Every single football fan can recall the glorious moments on the pitch from Euro '88 and World Cups '90 and '94, but in the aftermath of Jack Charlton's sad passing, it's telling that every player that wore the green jersey under 'Big Jack' were instantly drawn to their memories of the man, not the matches.
Simply put, Charlton was loved by all and that feeling was replicated by the Irish supporters, as seen by the various tributes around the country.
While certain players didn't always agree with Charlton's tactics or enjoy an "overly-friendly" relationship with the manager - David O'Leary, Liam Brady, Roy Keane, and Ronnie Whelan spring to mind - it's telling that nobody had a single bad word to say about the World Cup winner.
However, the relationship between Charlton and Paul McGrath was more unique than most.
As McGrath said in his eulogy to Charlton: "Throughout his ten years as manager of our International team, Jack backed me as a footballer and as a person - he became a father figure to me. He gave me his full support when I needed it most and for which I am forever grateful. He has been a hugely important person in my life. He is a man I genuinely loved."
Given McGrath's well-publicised battles with alcoholism, Charlton took a softer approach when dealing with the Aston Villa icon.
Compassion, understanding, and patience were to be used.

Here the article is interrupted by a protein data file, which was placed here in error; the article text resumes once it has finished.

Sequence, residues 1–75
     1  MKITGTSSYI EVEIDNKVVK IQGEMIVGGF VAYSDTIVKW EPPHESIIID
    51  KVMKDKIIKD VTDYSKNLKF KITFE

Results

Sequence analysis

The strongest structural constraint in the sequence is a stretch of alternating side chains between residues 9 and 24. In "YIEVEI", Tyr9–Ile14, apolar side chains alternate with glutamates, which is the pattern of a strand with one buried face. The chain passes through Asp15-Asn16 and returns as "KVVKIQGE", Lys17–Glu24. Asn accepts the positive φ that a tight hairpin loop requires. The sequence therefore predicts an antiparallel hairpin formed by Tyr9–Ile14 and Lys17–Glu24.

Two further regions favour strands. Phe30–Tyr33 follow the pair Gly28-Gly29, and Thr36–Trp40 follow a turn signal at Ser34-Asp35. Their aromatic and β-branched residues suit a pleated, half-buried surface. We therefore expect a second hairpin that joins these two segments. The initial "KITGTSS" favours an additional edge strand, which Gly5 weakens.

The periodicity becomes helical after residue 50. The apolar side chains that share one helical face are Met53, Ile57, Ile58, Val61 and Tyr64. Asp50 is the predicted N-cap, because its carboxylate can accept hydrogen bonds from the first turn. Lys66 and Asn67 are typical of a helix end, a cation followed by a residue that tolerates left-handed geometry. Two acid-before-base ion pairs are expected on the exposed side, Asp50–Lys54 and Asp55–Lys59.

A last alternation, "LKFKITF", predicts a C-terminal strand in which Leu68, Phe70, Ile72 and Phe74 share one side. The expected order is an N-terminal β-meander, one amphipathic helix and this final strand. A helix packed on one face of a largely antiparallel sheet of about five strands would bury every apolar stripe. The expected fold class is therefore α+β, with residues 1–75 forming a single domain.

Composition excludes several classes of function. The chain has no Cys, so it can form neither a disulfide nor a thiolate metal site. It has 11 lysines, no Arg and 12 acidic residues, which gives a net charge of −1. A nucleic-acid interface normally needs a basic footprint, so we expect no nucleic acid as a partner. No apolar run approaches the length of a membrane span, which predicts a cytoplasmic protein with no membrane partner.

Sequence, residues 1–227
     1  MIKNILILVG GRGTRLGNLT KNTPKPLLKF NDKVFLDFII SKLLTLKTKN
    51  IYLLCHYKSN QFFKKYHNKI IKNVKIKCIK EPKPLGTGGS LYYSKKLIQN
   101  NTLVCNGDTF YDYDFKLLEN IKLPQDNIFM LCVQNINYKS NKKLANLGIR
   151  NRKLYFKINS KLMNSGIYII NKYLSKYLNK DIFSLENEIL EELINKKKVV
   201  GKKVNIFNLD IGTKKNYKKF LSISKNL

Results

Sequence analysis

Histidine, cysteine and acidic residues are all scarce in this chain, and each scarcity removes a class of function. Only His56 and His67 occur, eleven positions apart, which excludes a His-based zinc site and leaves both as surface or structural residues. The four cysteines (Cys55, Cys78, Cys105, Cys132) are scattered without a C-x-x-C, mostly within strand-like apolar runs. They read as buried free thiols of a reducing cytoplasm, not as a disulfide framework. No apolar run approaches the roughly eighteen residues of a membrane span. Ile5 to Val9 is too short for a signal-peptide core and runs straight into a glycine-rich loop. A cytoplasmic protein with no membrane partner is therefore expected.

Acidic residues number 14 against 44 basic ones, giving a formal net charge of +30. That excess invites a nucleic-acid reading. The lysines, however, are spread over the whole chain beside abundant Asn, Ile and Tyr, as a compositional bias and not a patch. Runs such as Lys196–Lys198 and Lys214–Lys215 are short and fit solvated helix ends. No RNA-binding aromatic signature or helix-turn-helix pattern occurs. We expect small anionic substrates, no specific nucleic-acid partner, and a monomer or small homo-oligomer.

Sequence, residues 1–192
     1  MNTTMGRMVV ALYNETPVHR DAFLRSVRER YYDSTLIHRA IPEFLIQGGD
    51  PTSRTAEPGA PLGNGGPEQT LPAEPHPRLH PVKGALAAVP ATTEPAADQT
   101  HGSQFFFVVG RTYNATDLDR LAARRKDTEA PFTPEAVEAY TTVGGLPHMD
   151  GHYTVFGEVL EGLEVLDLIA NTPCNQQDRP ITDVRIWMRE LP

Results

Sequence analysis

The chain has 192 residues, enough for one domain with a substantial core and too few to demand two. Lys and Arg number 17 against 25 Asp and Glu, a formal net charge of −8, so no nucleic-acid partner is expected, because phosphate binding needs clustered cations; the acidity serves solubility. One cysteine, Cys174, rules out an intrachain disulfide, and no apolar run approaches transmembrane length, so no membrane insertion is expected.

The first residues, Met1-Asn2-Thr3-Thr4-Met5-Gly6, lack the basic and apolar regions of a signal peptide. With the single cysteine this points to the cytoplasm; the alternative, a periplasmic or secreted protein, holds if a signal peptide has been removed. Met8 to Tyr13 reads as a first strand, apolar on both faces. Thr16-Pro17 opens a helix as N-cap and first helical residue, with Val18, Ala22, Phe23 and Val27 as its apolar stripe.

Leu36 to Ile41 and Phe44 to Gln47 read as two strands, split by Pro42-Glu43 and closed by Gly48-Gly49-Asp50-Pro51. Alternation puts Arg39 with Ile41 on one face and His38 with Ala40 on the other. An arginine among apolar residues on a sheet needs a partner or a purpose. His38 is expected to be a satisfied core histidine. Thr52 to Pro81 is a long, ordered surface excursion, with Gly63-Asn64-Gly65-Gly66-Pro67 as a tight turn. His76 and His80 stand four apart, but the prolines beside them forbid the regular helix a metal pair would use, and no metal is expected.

In return for this leniency, McGrath repaid the Irish manager ten-fold with a string of breathtaking performances in the green jersey.
The former Manchester United and St. Patrick's Athletic man was recently inducted into the FAI Hall of Fame and speaking with the FAI, McGrath provided a beautiful anecdote about Charlton's decency as a manager and as a man.
I was just thinking about the many times I bumped into him when I wasn't so well. The Turkish game came flooding back.
He came up to my room afterward - we won 5-0 - and he sat me down at the end of my bed. I was sweating, all the drink was coming out of me.
He just sat down next to me at the end of the bed, patted my leg, and said 'I apologise.' He's apologising to me for walking out on him. He said 'I didn't realise how hard you had it.'
I just thought, he did that for me loads and loads of times. He had my back loads and loads of times. He was a really, really soft human being. He was such a kind human being to me and I'll never forget him for sticking with me.
The whole interview is fascinating as McGrath reflects on his special bond with the Irish supporters, that magnificent performance against Italy at Giants Stadium, and much more.
Take a look below.
Clip via FAI TV